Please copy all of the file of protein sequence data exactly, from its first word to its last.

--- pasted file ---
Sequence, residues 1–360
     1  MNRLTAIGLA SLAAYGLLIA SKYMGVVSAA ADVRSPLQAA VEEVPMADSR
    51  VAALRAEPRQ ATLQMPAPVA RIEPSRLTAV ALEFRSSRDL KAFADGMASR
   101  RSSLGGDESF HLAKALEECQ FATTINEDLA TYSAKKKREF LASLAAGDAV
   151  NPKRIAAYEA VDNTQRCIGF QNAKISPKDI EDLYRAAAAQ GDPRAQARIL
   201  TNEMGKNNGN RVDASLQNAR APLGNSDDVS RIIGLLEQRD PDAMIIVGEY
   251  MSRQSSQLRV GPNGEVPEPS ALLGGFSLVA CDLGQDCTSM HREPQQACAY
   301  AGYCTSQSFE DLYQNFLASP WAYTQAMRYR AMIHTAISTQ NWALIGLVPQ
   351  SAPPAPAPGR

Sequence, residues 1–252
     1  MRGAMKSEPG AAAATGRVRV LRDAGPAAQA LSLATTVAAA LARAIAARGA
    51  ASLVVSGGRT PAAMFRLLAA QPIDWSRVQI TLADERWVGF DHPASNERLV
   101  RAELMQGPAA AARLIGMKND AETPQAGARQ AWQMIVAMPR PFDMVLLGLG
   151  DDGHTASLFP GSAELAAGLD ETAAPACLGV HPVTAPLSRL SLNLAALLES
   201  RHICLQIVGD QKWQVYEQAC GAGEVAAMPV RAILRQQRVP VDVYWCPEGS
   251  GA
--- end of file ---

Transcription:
Sequence, residues 1–360
     1  MNRLTAIGLA SLAAYGLLIA SKYMGVVSAA ADVRSPLQAA VEEVPMADSR
    51  VAALRAEPRQ ATLQMPAPVA RIEPSRLTAV ALEFRSSRDL KAFADGMASR
   101  RSSLGGDESF HLAKALEECQ FATTINEDLA TYSAKKKREF LASLAAGDAV
   151  NPKRIAAYEA VDNTQRCIGF QNAKISPKDI EDLYRAAAAQ GDPRAQARIL
   201  TNEMGKNNGN RVDASLQNAR APLGNSDDVS RIIGLLEQRD PDAMIIVGEY
   251  MSRQSSQLRV GPNGEVPEPS ALLGGFSLVA CDLGQDCTSM HREPQQACAY
   301  AGYCTSQSFE DLYQNFLASP WAYTQAMRYR AMIHTAISTQ NWALIGLVPQ
   351  SAPPAPAPGR

Sequence, residues 1–252
     1  MRGAMKSEPG AAAATGRVRV LRDAGPAAQA LSLATTVAAA LARAIAARGA
    51  ASLVVSGGRT PAAMFRLLAA QPIDWSRVQI TLADERWVGF DHPASNERLV
   101  RAELMQGPAA AARLIGMKND AETPQAGARQ AWQMIVAMPR PFDMVLLGLG
   151  DDGHTASLFP GSAELAAGLD ETAAPACLGV HPVTAPLSRL SLNLAALLES
   201  RHICLQIVGD QKWQVYEQAC GAGEVAAMPV RAILRQQRVP VDVYWCPEGS
   251  GA